“He who reads has wings that allow it to escape into the wonderful country … Do not read is crawling on the ground like a worm,” wrote Michel Tournier. The French writer has given wings to its readership before dying Monday night. Great French writer of the second half of the twentieth century, has died at age 91 at his home in Choisel, surrounded by his family.
Prix Goncourt for “Erl King”, the The writer was also a storyteller and novelist youth. young readers for generations have been marked by his novel “Friday or Wildlife.” Inspired by the book “Robinson Crusoe” by Daniel Defoe, he tells how Robinson, sole survivor of a shipwreck, deploys ingenuity to survive on a deserted Pacific island.
A first novel at 42 years
Born in Paris in 1924, Michel Tournier later turned to literature. A philosopher by training, he begins to reside some years in Germany in reconstruction, until 1949, before returning to settle in Paris. He then offers his translator services for Plon and participates in cultural programs on radio and hosts a TV show on photography. At the time, he wrote already but too poor finds its texts. Only in 1967, at age 42, he finally published his first novel, “Friday or tears of the Pacific”.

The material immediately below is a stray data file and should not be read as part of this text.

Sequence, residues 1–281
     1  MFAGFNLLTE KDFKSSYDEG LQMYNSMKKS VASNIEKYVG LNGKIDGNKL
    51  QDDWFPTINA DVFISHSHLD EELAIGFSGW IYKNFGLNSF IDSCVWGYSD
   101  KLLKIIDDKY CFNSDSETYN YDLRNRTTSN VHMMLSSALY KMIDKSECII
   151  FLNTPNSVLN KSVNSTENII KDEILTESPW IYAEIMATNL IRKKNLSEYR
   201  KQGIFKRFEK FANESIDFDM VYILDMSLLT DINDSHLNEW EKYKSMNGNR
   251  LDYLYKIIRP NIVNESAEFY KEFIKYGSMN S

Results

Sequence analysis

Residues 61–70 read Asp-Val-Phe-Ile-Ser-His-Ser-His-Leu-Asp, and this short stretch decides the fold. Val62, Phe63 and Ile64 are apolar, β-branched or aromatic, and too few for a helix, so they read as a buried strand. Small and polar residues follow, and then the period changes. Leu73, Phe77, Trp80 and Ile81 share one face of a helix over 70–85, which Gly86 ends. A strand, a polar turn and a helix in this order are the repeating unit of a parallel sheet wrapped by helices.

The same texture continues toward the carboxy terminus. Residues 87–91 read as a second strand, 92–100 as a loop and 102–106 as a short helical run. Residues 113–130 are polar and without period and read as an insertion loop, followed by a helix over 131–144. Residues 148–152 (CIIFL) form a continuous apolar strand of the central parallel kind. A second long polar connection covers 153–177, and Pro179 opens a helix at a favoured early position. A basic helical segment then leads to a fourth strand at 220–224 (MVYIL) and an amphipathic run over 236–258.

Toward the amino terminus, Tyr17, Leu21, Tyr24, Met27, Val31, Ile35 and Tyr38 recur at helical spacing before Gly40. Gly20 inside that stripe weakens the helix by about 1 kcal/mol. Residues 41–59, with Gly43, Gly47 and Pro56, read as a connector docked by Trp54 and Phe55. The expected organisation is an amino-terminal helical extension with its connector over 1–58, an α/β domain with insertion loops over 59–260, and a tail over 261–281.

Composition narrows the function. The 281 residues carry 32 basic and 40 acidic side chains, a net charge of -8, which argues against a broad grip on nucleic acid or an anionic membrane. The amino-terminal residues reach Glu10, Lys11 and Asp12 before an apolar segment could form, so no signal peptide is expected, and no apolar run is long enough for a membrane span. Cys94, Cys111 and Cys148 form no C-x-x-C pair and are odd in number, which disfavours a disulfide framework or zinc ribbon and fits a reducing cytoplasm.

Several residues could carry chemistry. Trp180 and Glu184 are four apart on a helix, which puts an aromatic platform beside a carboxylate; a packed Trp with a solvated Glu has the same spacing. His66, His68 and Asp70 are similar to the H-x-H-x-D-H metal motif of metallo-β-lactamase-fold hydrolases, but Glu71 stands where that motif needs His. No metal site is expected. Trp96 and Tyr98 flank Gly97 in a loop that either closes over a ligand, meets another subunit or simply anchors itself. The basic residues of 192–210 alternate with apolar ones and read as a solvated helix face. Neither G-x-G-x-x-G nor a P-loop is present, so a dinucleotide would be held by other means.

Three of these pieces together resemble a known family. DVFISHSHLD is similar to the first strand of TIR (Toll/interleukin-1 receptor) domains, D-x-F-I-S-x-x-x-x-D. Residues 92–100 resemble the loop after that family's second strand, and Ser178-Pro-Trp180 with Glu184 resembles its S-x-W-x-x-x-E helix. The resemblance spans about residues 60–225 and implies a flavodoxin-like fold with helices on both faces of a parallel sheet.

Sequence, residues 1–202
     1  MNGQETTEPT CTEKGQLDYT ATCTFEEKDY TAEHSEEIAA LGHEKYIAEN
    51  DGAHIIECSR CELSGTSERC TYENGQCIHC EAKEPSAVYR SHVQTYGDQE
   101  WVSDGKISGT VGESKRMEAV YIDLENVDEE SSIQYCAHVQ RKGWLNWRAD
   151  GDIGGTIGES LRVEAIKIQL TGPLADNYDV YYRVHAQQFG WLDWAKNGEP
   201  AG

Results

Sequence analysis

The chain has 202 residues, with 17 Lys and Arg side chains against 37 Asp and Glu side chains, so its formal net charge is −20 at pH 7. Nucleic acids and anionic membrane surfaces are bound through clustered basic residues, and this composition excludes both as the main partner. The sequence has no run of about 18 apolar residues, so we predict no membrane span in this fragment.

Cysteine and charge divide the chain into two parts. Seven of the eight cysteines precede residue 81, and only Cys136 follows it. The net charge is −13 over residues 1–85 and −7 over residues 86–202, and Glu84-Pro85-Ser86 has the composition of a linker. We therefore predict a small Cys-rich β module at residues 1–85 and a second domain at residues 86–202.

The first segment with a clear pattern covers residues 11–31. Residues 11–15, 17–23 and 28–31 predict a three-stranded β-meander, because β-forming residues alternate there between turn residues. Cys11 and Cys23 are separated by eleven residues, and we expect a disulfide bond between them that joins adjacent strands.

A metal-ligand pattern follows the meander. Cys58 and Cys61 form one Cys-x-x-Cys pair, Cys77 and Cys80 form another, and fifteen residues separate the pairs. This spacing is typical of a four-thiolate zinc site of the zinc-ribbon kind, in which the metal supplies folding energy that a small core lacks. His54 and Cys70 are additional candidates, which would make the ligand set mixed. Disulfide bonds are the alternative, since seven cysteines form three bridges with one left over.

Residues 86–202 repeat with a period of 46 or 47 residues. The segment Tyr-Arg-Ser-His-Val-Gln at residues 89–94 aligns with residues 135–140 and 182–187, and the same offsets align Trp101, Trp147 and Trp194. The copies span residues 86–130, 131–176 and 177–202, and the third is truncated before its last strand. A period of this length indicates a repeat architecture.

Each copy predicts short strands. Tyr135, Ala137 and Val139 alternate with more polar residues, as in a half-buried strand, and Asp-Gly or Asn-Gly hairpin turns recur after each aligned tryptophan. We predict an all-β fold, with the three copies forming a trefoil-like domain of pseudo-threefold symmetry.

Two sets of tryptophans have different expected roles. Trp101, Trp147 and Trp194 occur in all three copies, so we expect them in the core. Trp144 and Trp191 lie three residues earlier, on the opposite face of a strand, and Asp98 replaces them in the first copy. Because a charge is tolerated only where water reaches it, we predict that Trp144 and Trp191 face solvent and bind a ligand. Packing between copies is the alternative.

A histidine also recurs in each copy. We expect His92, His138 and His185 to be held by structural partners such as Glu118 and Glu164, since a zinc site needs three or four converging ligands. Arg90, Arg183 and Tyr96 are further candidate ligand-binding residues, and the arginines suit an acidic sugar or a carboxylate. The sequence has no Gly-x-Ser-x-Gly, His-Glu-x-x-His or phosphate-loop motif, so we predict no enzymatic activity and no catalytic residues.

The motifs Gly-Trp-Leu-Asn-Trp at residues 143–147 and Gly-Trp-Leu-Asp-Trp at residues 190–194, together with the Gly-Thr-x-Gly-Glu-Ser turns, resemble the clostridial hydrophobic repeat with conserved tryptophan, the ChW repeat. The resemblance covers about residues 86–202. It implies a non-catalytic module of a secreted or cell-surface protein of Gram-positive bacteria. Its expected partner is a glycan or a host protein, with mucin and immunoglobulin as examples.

The success comes quickly, as the esteem of the literary world. His book is decorated Grand Prize novel by the French Academy, and his second novel, “The Erl King” won the Prix Goncourt in 1970. Later, he joined the peer Editions Gallimard and became a member of the ‘Académie Goncourt. Now he can devote himself entirely to writing and published numerous texts for youth, as well as essays and articles.
Located for over half a century in the former presbytery of the village of Choisel, he gradually withdrew from the literary world at the end of his life.
“We lived round the clock with him, he could not remain alone for three months. As soon as he walked, he had a tendency to fall, we took care of him, “says Laurent Feliculis, his godson, the writer regarded as his adopted son. “In recent times, he did not want to fight, that was the old age”